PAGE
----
Approximately one-third of African Americans and one-quarter of Latinos believe that schools in the United States are not really trying to educate African American and Latino children, according to results from a new poll from the Leadership Conference Education Fund (Education Fund)—the education and research arm of the Leadership Conference on Civil and Human Rights.
The poll’s results are captured in New Education Majority: Attitudes and Aspirations of Parents and Families of Color, a report that recognizes that students of color now make up the majority in the nation’s public schools. It shares the opinions that African American and Latino parents and families have about the education of their children, referred to in the report as the “new education majority,” as well as the American education system as a whole.
“In our work in communities, we have found that the education debates conducted inside the Beltway—from testing and No Child Left Behind to Common Core and the appropriate role of the federal government—don’t resonate with new education majority parents or reflect the priorities they have for their own families,” writes Wade Henderson, president and chief executive officer of the Education Fund, in the introduction to the report. “The truth is, these debates have simply failed them. New education majority parents and families know what schools are and are not doing for their children, and they have very clear beliefs about what should be done.”
The report includes four key takeaways, finding that new education majority parents and families
- are well aware of the impact that racial inequities in education have on children of color;
- want a public education system that provides academic rigor, safety, and great teachers above all;
- want schools to set high expectations for African American and Latino students, and want expectations for students from low-income families to be just as high; and
- believe they have a great deal of power to change the education system and are willing to do their part, but they also believe that all levels of government must step up to address funding and other disparities that harm African American and Latino students.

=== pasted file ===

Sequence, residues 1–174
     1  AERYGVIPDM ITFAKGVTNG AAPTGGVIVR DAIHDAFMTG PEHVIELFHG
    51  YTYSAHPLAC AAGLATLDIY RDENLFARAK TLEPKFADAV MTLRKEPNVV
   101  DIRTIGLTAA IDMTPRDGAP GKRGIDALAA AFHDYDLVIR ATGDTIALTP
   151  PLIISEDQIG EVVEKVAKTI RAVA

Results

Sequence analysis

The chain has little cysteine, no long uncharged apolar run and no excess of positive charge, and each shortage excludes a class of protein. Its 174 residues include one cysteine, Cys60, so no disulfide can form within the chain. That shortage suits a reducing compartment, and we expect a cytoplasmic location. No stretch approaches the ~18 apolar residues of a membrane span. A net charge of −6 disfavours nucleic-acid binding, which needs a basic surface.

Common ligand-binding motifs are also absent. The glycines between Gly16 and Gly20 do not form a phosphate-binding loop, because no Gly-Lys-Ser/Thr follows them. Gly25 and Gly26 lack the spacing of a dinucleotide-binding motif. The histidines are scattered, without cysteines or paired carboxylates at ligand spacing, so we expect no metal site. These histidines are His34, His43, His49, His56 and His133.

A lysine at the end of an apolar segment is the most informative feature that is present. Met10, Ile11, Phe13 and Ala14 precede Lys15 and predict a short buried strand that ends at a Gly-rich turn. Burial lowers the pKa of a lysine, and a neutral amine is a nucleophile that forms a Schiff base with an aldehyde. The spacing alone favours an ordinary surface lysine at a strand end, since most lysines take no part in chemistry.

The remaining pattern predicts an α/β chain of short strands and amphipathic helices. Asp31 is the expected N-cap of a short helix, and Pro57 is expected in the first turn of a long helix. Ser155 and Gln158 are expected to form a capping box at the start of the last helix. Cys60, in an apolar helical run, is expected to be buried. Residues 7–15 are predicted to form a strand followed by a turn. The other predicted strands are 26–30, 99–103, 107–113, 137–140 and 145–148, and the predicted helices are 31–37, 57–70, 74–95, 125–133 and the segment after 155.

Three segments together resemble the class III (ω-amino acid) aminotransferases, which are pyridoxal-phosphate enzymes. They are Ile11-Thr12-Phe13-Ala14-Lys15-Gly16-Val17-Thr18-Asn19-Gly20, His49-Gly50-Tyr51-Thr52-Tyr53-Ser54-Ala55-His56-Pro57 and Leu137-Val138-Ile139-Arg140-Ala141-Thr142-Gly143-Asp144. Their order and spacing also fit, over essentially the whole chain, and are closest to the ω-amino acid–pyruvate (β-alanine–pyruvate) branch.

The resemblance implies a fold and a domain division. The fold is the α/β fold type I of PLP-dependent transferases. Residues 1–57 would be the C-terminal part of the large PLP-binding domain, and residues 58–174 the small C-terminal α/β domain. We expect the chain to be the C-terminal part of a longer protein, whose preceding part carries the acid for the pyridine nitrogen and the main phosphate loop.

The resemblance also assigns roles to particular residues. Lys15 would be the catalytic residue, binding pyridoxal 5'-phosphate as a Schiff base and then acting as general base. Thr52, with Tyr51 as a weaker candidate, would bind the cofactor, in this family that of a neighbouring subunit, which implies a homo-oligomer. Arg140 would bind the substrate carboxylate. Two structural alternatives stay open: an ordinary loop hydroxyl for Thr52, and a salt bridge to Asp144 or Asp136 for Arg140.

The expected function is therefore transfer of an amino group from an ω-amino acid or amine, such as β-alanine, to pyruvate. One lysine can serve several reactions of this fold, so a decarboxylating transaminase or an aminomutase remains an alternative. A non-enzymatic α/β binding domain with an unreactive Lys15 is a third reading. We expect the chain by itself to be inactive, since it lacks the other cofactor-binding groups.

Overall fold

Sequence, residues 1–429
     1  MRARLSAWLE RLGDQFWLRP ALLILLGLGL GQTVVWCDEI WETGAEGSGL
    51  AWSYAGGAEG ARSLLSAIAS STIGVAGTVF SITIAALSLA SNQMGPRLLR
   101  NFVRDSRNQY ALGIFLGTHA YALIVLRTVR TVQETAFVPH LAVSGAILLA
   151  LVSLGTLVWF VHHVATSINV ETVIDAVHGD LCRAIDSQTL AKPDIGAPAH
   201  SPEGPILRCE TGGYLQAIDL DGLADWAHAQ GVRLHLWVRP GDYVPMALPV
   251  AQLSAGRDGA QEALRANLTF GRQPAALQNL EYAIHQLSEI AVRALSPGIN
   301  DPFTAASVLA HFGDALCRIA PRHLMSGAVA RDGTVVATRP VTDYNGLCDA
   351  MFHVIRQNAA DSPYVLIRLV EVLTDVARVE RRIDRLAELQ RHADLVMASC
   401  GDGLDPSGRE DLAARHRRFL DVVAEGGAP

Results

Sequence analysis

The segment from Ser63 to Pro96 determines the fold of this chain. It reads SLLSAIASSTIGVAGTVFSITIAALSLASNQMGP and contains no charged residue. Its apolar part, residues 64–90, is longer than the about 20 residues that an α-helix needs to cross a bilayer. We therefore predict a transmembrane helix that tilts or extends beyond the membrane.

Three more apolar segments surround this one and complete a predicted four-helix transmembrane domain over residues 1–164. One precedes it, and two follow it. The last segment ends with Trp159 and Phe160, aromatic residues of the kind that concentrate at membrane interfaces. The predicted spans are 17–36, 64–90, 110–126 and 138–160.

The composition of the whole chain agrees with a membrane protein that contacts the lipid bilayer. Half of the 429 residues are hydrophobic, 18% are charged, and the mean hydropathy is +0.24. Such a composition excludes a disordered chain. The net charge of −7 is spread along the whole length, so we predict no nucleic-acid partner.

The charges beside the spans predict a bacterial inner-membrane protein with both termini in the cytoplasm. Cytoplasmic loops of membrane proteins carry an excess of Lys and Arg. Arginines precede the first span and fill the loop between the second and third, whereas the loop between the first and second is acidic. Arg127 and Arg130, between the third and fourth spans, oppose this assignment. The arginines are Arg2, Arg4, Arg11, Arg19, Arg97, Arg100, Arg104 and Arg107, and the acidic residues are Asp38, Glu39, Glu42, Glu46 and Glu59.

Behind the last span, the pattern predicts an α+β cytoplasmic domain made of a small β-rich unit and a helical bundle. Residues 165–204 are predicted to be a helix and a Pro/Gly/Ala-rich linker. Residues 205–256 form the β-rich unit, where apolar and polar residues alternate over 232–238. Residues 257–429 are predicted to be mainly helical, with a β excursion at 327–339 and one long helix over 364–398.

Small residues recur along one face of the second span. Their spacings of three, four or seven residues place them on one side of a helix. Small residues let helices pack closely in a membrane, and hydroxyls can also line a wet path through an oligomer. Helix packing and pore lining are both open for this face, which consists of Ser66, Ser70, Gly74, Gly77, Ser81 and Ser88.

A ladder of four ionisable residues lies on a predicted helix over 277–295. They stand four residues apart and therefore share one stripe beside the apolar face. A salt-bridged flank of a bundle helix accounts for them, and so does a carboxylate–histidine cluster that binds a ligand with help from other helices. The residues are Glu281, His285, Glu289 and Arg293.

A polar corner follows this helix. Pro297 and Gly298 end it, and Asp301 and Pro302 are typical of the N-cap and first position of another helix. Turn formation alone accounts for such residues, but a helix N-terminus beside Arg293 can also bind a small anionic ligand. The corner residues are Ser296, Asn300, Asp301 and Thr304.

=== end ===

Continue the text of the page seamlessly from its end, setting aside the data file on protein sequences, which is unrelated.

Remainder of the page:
Poll results show that 66 percent of African Americans and 45 percent of Latinos believe that students in their communities do not receive as good an education as white students do—this sentiment is even higher among African American and Latinos whose children attend mostly low-income schools. Among those who see racial disparities in education, 60 percent of African Americans and 57 percent of Latinos say that a lack of funding and limited access to resources and technology is a culprit. Lower teacher quality, racism or racial bias, and a lack of parental involvement were also cited by both communities as culprits, as shown in the image below taken from the report.
When it comes to rigor, 90 percent of African Americans and 84 percent of Latinos say that students “should be challenged more to help ensure they are successful later in life.” Additionally, 90 percent of African Americans and Latinos believe that expectations for students from low-income families should be the same or even higher than those of other students.
“[The Every Student Succeeds Act] creates new opportunities and incentives to fully and adequately address the failure of our schools to educate all children, but only if we can build the public and political will to do so,” Henderson writes. “We cannot continue to sustain two separate and unequal education systems—one that educates white and middle-class children fairly well and one that absolutely fails children of color—and hope to maintain our status as the most powerful and diverse economy in the world. We believe that education policy in the twenty-first century must vigorously drive toward equity. Decisionmakers have to recognize that policy must reflect the perceptions, needs, desires, and beliefs of communities of color to be able to effectively address the actual educational needs of the majority of students.”
The report offers recommendations for how education policymakers and advocates can better account for the perspectives of parents of students of color, which consist of
- meaningfully engaging them in education policy discussion, debate, and practice to ensure that policy truly reflects the needs of new education majority students and the expectations of communities of color; and
- developing policy that meaningfully addresses the concerns that new education majority parents and families have about the quality of their children’s school and teachers, the inequitable distribution of resources, and the expectations that the school has of their children’s capacity to excel.
New Education Majority: Attitudes and Aspirations of Parents and Families of Color is based on the results of a national survey conducted by Anzalone Liszt Grove Research on behalf of the Education Fund representing 400 African American and 400 Latino or Hispanic parents or family members actively involved in the upbringing of a child between five and eighteen years old. New Education Majority: Attitudes and Aspirations of Parents and Families of Color is available at http://NewEducationMajority.org.